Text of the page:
Originally posted by Staff at Spectrum News

Spectrum on Monday presented a check for $15,000 to David Sun-Miyashiro, executive director of the nonprofit HawaiiKidsCAN, at its Honolulu office.

The grant is part of Spectrum’s six-year, $8 million commitment to promote digital education and broadband technology to communities nationwide through its Spectrum Digital Education program.

“HawaiiKidsCAN launched in 2017. The No. 1 thing we want is more innovation and equity in our education system,” explained Sun-Miyashiro. “We realize it’s not something you can solve with a magic bullet or just one approach. You’ve really got to tackle it lots of ways, so we work on legislation, thinking about system change. We also roll up our sleeves and work in communities on a wide range of projects from making sure kids can get free internet during the pandemic, to this new program to help address learning loss, to supporting parents to (help them) build and develop skills they need to really advocate for their kids.”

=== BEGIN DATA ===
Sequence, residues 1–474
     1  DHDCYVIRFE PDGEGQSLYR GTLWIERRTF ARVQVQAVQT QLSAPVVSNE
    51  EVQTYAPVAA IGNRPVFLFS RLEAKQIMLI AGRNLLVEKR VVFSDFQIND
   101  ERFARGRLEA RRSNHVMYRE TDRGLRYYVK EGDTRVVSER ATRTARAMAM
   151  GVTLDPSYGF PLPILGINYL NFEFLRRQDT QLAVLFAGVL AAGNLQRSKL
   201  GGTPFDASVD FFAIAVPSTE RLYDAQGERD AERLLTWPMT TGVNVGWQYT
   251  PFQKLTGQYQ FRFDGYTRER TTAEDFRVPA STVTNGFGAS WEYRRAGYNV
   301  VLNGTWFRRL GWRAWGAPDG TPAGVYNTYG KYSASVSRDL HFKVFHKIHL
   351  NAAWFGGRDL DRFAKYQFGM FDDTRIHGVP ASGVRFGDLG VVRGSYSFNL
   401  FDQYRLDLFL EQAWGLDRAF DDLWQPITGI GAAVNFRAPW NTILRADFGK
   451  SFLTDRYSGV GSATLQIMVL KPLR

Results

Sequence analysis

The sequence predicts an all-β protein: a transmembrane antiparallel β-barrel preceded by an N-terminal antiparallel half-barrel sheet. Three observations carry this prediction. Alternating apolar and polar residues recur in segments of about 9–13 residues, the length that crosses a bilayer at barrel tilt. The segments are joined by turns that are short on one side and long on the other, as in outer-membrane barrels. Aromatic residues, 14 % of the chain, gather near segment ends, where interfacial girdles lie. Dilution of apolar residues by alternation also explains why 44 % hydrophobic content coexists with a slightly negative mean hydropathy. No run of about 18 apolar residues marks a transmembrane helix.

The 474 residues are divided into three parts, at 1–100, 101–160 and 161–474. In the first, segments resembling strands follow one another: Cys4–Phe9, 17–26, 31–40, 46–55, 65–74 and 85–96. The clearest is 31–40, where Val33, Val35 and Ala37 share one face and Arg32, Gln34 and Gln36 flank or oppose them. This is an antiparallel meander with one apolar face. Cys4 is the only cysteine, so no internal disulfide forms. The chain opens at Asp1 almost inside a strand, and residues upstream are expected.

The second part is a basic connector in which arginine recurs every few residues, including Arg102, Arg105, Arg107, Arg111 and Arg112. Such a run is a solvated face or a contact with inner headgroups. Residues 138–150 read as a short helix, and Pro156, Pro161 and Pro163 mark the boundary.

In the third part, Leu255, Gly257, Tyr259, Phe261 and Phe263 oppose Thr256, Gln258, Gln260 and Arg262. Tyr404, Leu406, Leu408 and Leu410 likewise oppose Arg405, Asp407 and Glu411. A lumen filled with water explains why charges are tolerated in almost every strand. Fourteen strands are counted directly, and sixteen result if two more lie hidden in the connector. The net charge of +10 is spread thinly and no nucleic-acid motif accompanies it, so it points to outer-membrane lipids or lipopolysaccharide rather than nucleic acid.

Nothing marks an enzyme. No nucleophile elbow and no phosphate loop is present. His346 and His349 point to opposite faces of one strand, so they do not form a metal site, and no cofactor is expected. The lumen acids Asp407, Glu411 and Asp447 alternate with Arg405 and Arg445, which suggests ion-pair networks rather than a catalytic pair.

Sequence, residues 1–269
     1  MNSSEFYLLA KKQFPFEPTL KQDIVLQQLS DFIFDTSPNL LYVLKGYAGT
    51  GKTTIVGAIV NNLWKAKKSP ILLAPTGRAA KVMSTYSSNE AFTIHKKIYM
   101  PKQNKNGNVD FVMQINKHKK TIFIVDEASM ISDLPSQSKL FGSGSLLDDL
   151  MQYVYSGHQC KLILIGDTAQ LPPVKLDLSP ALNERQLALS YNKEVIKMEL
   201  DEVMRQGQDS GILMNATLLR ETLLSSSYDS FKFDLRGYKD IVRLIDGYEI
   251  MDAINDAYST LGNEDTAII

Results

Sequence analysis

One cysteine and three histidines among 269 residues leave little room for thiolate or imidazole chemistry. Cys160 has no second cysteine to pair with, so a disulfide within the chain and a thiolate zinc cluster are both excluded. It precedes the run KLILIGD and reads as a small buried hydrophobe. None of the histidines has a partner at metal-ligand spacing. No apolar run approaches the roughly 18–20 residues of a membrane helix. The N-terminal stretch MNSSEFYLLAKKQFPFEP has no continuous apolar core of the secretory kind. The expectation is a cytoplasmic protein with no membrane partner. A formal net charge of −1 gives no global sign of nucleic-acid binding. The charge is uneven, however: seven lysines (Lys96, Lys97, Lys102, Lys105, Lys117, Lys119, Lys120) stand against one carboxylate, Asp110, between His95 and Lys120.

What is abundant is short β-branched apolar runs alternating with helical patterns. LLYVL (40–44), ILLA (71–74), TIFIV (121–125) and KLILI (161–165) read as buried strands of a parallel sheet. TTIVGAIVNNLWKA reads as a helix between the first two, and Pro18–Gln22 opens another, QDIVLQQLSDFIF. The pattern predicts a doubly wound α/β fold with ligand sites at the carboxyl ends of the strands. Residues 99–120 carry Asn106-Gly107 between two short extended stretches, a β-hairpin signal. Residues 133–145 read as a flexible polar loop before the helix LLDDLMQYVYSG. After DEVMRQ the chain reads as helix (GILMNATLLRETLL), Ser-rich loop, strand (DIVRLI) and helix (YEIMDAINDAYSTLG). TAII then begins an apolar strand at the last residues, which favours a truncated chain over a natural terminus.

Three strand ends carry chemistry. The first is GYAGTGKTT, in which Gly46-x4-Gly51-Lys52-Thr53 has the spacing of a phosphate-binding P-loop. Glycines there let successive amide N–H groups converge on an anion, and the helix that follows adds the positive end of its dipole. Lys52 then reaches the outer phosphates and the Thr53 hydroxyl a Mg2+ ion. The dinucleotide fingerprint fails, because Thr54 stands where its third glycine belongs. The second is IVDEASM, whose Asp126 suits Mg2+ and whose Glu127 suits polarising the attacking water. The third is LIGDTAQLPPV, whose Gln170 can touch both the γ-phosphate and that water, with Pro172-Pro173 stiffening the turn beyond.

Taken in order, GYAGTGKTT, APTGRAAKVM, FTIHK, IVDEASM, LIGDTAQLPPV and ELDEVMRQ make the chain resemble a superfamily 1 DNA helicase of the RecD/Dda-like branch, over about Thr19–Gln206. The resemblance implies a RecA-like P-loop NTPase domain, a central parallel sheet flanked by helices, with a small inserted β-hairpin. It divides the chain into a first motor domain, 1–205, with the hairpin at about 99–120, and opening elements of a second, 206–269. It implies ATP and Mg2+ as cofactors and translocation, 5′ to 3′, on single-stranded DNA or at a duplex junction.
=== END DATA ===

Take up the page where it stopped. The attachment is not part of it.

WiFi on Wheels started early on during the pandemic when teachers said the problem wasn’t a lack of devices — it was access to the internet, according to Sun-Miyashiro. Schools had devices for kids to take home, but once at home, they couldn’t access the internet to log into classes and keep up with their peers.

Sun-Miyashiro said they looked at different approaches from around the country, with one model placing WiFi hotspots in vehicles and sending them into communities. The vehicles parked at a central community location such as a community center, a park, a church or anywhere that people could safely gather. The program culminated with 11 WiFi on Wheels sites throughout the state across four islands acting as a free public hotspot in communities for kids to use.

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